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ANKARA: Minority Schools In Turkey Lack Students, Report Says

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  • ANKARA: Minority Schools In Turkey Lack Students, Report Says


    Today's Zaman, Turkey
    Sept 19 2013

    19 September 2013 /─░PEK UZUM, ─░STANBUL
    A lack of students in Turkey's minority schools is leading them to
    close down, according to a Thursday report by the History Foundation.

    The report, released at a foundation press conference, says that the
    steady decline in Turkey's minority populations, a rising preference
    among minority students to study at non-minority schools and enrollment
    limitations applied by the state have drawn student populations
    at minority schools down so far that many have had to close. The
    surviving Armenian and Jewish schools seem to have reached stable
    enrolment levels, but low enrolment remains the single biggest problem
    facing Greek schools in Turkey. In the 2012-13 academic year, 3,137
    students attended Armenian schools, including 67 Armenian citizens;
    230 students attended Greek schools (including students of Greek
    nationality) and 688 students attended Jewish schools.

    "The number of students attending these schools may be increased
    and the schools may be saved from closure if students who are not
    Turkish citizens or who do not belong to the same minority [group]
    are allowed to enroll," the report says.

    One of the biggest problems the report mentioned is the ambiguous
    status of Turkey's minority schools, which are officially considered
    neither private schools nor foreign schools. However, minority schools
    are still associated by the public with private and foreign schools,
    and are subjected to the legislation regulating private schools --
    including a rule that prevents them from accepting students above
    a quota allocated by the ministry of education, which causes major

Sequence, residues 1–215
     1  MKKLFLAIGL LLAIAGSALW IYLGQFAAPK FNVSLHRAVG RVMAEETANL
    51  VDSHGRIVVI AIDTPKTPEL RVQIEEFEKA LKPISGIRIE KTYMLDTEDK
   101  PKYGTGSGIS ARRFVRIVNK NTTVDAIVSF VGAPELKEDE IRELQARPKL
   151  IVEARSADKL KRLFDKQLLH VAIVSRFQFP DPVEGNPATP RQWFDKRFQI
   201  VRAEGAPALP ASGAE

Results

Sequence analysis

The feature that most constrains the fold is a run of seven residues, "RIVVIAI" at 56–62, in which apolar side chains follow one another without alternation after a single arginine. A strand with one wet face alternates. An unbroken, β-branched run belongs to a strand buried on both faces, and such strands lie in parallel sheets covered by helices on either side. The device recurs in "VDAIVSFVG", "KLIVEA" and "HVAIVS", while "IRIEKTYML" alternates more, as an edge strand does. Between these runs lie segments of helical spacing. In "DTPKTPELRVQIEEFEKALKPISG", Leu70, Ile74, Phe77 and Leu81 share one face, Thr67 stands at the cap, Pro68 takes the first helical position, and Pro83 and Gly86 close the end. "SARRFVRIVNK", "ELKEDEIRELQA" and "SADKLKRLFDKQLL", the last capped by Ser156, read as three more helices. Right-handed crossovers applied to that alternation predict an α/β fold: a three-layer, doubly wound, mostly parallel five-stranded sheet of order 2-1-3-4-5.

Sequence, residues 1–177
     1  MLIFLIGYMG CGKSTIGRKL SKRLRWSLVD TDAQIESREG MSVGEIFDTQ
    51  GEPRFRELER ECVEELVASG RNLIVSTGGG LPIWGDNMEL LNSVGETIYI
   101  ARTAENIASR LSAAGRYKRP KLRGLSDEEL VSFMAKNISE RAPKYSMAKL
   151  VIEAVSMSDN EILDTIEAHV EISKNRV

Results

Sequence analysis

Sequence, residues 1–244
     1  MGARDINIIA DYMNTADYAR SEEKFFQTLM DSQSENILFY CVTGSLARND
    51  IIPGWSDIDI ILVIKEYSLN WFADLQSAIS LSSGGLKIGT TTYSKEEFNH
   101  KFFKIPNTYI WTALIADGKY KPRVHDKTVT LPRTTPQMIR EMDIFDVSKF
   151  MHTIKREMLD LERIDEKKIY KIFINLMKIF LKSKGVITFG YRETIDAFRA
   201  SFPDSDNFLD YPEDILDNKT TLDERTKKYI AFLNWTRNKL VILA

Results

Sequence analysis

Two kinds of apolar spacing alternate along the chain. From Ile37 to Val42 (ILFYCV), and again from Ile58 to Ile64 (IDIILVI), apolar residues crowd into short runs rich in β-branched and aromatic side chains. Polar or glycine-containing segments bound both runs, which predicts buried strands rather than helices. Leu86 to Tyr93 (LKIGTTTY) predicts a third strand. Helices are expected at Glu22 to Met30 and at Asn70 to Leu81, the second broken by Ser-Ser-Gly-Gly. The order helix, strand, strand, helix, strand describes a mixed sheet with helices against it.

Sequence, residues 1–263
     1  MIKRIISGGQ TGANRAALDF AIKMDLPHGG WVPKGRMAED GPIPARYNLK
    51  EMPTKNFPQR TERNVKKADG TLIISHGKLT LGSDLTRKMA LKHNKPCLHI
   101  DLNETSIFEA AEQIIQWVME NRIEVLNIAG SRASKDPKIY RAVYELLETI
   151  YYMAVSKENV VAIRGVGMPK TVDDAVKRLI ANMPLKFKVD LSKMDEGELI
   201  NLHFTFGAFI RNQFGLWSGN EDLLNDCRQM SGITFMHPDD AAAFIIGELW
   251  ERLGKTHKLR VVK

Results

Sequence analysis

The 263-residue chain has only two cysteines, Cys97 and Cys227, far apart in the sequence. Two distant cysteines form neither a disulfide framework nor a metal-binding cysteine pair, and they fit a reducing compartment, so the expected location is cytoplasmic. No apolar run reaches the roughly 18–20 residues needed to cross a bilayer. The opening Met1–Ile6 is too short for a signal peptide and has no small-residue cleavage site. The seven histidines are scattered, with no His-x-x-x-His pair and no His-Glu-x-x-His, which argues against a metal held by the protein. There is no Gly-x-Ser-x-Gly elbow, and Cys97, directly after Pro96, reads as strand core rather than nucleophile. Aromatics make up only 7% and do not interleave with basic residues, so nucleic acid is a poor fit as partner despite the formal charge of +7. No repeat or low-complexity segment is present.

financial problems and often makes it difficult for minority schools
    to survive on their budgets.

    The report goes on to suggest the drafting of separate laws and
    regulations specific to minority schools. "A framework regulation can
    be developed to cover all minority schools, taking into account the
    differing characteristics of each community's schools, or separate
    regulations can be prepared for the schools of each community.

    "It is suggested that legislation be developed through dialogue to
    bring a permanent solution to their [minority schools'] problems
    while taking into consideration the texts drafted by the minority
    schools concerning possible legislation," the report says.

    Another problem the report mentions is the reciprocity principle
    and minority schools. Though minority schools are affiliated with
    foundations managed by Turkish citizens and attended by Turkish
    citizens, the principle of reciprocity is imposed on the development of
    legislation governing these schools and in defining their rights and
    obligations. For example, if a Greek school in Turkey wants to hire a
    teacher who is a Greek national, the Turkish government will require
    Greece to hire a Turkish teacher to teach at a school in Greece.

    According to the report, this reciprocity principle equates minorities
    with foreigners, offending them and forcing them to deal with a large
    number of bureaucratic and political problems. The report suggests
    dropping the principle of reciprocity when preparing legislation
    governing minority schools.

    Yet another challenge minority schools face is a lack of trained
    teachers as Turkish universities do not offer specialized education
    in this field. The History Foundation suggests the establishment
    of special departments for each minority group's schools in Turkish

    No public authority or private institution is responsible for preparing
    the textbooks and education materials needed by the minority schools of
    the Armenian, Greek and Jewish communities, the report says. "Schools
    should also be provided with support for the translation and printing
    of textbooks. It is suggested that a special unit with a suitable
    budget and employing an adequate number of qualified employees be
    set up to develop textbooks and educational materials for minority
    schools in Turkey. This unit should be financed by the state."